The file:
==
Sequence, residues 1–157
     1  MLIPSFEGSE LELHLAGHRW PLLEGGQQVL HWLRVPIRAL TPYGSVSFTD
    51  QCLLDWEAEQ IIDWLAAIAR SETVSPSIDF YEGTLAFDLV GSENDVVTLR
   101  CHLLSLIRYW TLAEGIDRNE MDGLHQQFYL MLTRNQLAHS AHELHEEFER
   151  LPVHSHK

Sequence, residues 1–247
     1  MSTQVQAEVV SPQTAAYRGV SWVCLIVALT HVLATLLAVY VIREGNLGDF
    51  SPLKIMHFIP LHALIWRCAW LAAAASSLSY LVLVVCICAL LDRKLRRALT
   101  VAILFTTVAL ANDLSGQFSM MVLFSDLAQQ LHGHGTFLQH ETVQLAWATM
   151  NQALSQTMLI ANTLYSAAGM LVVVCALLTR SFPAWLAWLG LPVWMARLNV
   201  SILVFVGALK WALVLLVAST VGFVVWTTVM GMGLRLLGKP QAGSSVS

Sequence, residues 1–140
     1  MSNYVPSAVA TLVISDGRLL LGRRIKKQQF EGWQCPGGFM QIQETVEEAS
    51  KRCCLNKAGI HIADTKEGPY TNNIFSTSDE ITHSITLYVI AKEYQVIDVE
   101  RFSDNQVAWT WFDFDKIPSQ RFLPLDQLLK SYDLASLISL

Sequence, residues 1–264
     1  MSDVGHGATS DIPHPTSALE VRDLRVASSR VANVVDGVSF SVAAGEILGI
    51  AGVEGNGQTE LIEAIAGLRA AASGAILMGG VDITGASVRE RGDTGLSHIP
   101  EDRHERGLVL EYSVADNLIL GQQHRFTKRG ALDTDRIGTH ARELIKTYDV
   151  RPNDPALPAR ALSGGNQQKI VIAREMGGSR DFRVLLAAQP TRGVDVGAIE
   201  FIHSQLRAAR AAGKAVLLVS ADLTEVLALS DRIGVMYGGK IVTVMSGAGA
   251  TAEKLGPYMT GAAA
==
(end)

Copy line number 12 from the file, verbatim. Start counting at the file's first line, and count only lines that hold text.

Sequence, residues 1–140